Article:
- More than 15 buildings have been closed in Tshwane due to Covid-19.
- As of 24 June, there were 4 056 confirmed Covid-19 cases in Pretoria.
- To date, 17 people have died in Tshwane.
With more than 15 buildings in the City of Tshwane being closed due to Covid-19, its administrator, Mpho Nawa, has urged residents to be cautious and use preventative measures to contain the spread of Covid-19 as infections in the country are expected to peak.
In a statement on Thursday, Nawa said the call to be extra cautious came on the back of the increasing number of Covid-19 cases among residents and staff in Tshwane, which is expected to peak alongside the rest of the country.
"Medical experts have predicted that the country will experience a surge in Covid-19 infections as witnessed in other countries in the northern hemisphere at the height of the winter period.
"More than 15 of the City's buildings have had to temporarily close due to staffers having tested positive for the virus. Most of those buildings have since reopened and the infected staff has remarkably recovered," he added.
News24 previously reported the City's head office, Tshwane House, Mini Munitoria in Mamelodi West and the Silverton fire station were temporarily closed after staff members tested positive for the virus.
The Ribeiro Clinic at the Sammy Marks Square shopping complex in the Tshwane city centre was also temporarily closed at the beginning of June.
According to the Gauteng Department of Health as of 24 June, there were 26 156 confirmed Covid-19 cases and 147 deaths in the province
Pretoria recorded 4 056 of these cases, with 17 residents having died.
In a breakdown of sub-districts, 1 341 cases were recorded in District 3, which comprises Atteridgeville, Laudium, the Tshwane CBD, Hercules, Danville, Saulsville, Lotus and Pretoria West.
To date, 889 cases were recorded in District 4, which comprises Lyttleton, Eldoraigne, Waterkloof, Olievenhoutbosch, Rooihuiskraal, Silverton, Centurion, Brooklyn and Hatfield.
Nawa said he was satisfied how the majority of the City's residents have thus far heeded the call to comply with the Covid-19 lockdown regulations in a concerted bid to contain the spread of the coronavirus.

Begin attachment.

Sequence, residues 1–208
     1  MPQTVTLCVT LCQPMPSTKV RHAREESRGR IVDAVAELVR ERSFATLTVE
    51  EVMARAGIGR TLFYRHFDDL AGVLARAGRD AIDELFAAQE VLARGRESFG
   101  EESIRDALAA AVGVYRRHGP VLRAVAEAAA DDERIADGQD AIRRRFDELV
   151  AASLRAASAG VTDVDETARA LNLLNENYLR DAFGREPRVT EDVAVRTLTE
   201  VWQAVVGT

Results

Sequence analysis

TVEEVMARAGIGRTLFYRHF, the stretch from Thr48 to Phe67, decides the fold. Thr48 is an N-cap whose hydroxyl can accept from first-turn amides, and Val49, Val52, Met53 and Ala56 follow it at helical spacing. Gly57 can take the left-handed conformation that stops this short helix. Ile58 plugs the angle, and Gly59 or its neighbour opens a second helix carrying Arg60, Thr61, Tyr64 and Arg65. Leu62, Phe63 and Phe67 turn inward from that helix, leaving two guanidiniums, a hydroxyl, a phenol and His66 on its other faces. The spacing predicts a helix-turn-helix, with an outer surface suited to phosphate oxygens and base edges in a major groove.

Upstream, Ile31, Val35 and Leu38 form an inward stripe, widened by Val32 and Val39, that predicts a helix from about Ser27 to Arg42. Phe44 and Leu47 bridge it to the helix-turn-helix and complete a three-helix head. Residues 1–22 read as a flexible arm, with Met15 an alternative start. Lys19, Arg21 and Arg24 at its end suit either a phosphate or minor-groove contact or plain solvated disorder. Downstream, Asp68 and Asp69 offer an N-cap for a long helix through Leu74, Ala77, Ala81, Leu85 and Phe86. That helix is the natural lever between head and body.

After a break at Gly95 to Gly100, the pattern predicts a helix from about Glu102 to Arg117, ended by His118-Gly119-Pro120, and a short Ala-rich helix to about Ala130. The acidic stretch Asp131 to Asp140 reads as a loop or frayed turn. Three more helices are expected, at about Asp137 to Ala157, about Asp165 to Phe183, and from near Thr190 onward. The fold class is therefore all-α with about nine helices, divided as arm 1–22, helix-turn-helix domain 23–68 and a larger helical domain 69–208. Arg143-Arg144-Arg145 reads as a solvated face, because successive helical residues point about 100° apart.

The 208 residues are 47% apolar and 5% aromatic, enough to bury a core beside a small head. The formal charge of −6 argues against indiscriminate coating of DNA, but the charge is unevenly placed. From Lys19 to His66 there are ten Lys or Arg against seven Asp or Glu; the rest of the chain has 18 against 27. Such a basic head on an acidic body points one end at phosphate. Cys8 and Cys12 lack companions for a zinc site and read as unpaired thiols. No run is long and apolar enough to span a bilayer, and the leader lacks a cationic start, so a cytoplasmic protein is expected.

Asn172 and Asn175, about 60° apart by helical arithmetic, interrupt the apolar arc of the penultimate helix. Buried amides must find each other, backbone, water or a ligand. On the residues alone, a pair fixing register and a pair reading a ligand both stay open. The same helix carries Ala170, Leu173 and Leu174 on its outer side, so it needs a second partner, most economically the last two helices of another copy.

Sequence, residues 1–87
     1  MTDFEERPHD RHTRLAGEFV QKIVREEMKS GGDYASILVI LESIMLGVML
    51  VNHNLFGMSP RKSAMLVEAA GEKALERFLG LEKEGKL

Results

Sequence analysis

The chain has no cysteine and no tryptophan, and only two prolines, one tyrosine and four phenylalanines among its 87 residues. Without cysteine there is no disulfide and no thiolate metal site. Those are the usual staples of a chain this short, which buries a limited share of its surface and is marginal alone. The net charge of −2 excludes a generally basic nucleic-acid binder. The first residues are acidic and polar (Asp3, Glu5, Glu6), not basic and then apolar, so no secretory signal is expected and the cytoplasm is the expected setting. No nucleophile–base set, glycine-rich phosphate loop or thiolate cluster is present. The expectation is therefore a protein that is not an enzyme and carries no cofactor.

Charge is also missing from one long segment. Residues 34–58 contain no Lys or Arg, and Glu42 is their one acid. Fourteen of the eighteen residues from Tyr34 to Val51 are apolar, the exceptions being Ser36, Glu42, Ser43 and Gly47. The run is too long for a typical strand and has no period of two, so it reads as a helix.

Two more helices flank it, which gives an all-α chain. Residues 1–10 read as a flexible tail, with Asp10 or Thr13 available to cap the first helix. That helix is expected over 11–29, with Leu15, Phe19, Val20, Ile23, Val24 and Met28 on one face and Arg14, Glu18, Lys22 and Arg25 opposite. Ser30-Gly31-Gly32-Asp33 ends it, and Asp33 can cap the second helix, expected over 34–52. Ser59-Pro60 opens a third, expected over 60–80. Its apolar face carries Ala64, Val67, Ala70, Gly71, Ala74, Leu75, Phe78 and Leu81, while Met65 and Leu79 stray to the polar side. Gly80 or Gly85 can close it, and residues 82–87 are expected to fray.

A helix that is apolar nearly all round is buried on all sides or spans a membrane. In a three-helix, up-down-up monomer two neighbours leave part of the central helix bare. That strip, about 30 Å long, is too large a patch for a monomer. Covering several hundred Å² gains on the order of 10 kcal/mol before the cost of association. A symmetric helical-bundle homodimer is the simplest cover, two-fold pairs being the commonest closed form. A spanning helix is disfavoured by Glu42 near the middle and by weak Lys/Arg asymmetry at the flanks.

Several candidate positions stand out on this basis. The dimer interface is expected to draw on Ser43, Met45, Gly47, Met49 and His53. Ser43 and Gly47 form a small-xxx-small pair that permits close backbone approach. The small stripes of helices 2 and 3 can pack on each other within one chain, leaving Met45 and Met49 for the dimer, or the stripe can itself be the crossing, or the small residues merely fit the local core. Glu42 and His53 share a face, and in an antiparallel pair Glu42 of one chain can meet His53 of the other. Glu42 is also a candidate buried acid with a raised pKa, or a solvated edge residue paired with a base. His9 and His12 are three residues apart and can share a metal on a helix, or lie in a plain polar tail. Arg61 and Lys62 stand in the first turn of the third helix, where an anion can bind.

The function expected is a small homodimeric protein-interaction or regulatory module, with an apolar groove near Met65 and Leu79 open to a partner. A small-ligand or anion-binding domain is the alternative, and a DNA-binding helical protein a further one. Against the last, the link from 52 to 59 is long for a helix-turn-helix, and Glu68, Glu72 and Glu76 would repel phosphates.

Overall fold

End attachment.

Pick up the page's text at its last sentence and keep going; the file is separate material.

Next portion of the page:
"The people of Tshwane have been amazing since the start of the lockdown period and have co-operated with us in our collective effort to flatten the curve. There were, however, some pockets of unpleasant behaviour, but those were isolated incidents.
"We wish to implore everyone staying, working and doing business in the city to continue to wear a face mask at all times, keep to the required physical distancing, wash hands with a sanitiser with an alcohol content of 60% and above, and wash hands with soap and water for at least 20 seconds.
"We have provided water to all parts of the city to ensure that all the residents are able to fight the virus by observing proper hygiene measures to prevent the spread of the virus."
He added the City had embarked on an intensive and aggressive Covid-19 outreach campaign targeting areas considered to be hotspots, and conducted mass screening and testing of residents.
"After the president [Cyril Ramaphosa] identified Tshwane as one of the hotspot areas, we immediately shone a spotlight on the areas that needed urgent and targeted intervention, and we are proud to say that we've successfully managed to slow down the spread of the virus."
Speaking about the fatalities, Nawa said the number of deaths had been relatively low compared to other big metros due to the measures put in place.